Personal tools
You are here: Home » Archives » Archives from the old site » What's new » New Law to Promote Forest Management Enacted for Global Warming Prevention
INSAM Navigation
 

New Law to Promote Forest Management Enacted for Global Warming Prevention

Last modified October 01, 2008 11:46

In order to promote tree thinning in forests that act as carbon sinks, the Law concerning Special Measures for the Promotion of Forest Management (Law for the Forest Management) was passed during a plenary session of the House of Councilors on May 9, 2008. This law establishes a system for the national government to subsidize local governments, and came into force on May 16.

 

By Japan for Sustainability

In order to promote tree thinning in forests that act as carbon sinks, the Law concerning Special Measures for the Promotion of Forest Management (Law for the Forest Management) was passed during a plenary session of the House of Councilors on May 9, 2008. This law establishes a system for the national government to subsidize local governments, and came into force on May 16.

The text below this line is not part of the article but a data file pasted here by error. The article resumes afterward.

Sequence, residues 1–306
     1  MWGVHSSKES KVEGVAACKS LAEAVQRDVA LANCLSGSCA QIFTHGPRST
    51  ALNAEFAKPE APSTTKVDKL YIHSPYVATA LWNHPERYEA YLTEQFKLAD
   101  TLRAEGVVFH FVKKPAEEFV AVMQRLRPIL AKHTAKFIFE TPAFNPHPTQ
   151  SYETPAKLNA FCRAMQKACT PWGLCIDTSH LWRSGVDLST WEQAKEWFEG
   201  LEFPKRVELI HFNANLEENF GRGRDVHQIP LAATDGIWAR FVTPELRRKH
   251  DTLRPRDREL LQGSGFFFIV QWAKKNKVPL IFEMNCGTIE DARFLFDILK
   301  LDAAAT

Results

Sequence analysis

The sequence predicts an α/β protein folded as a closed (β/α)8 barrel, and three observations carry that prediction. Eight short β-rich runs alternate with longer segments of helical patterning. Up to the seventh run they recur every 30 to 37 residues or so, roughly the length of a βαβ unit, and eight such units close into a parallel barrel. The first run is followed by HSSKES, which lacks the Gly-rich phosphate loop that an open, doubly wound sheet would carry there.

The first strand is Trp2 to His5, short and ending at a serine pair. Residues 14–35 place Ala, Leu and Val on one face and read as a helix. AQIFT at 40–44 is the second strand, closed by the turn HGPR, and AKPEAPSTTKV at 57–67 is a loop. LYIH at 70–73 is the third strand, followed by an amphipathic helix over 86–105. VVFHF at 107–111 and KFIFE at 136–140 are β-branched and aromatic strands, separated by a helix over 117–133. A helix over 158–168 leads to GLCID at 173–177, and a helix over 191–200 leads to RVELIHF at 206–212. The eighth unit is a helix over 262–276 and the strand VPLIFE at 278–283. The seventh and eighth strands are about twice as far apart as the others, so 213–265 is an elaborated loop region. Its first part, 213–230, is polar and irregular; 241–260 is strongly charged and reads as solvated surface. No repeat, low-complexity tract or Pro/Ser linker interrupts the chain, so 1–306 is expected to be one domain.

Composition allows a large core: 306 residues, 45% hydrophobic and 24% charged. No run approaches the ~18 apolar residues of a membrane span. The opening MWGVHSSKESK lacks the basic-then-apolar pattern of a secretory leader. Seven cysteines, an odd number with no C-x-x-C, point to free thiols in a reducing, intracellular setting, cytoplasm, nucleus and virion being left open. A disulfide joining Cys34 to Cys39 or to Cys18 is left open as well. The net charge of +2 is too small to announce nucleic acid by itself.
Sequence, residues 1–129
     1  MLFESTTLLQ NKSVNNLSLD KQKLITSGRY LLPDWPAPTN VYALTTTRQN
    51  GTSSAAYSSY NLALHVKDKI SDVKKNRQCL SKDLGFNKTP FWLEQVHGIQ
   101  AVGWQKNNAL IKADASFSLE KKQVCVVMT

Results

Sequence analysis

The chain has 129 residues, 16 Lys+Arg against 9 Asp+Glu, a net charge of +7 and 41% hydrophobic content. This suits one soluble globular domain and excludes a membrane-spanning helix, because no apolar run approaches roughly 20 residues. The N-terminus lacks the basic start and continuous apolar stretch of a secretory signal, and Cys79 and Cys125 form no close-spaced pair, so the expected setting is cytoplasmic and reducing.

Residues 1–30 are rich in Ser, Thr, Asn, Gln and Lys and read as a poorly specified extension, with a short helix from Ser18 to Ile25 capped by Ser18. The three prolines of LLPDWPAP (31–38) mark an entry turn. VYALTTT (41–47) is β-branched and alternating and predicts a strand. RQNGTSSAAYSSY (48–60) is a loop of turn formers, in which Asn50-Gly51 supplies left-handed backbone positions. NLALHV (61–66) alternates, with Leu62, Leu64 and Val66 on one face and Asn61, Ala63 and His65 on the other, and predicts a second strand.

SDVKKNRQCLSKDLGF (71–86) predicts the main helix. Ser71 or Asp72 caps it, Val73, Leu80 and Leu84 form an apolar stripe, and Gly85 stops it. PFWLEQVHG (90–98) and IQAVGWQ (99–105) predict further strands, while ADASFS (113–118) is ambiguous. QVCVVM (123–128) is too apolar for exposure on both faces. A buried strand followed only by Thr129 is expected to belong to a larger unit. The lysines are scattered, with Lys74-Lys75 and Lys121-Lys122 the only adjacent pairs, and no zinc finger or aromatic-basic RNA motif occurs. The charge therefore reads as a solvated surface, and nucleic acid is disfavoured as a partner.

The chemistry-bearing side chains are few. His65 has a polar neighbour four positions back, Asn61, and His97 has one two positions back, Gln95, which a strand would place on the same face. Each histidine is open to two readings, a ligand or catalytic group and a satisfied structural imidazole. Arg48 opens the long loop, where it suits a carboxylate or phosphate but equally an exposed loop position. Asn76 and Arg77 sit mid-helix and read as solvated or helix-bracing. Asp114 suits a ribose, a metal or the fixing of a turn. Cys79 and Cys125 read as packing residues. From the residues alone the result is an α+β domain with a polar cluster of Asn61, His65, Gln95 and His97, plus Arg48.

In recent years, cheap imported timber and aging forestry workers have resulted in the decay of the forestry industry and of rural areas that maintain forests, and a lack of maintenance, such as tree thinning, has been seen. Accordingly, it is now feared that the ability of forests to absorb carbon dioxide will decline.


The law aims to achieve forest sinks by 2012, the end of the first commitment period of the Kyoto Protocol. When making a plan for specific forest management promotion, local governments can be subsidies for half the costs incurred in forest management, and in industrial road maintenance and improvement by the national government. Moreover, such local governments will be accorded preferential treatment for municipal bonds.


In order to achieve the forest sink target of 13 million ton carbon, in addition to an annual thinning of 0.35 million hectares, 0.2 million hectares of additional thinning (per year) is necessary, which makes a total area of 3.3 million hectares to be thinned.


www.maff.go.jp/e/index.html


Source: Japan for Sustainability

Document Actions
  • Share on Facebook
  • Print this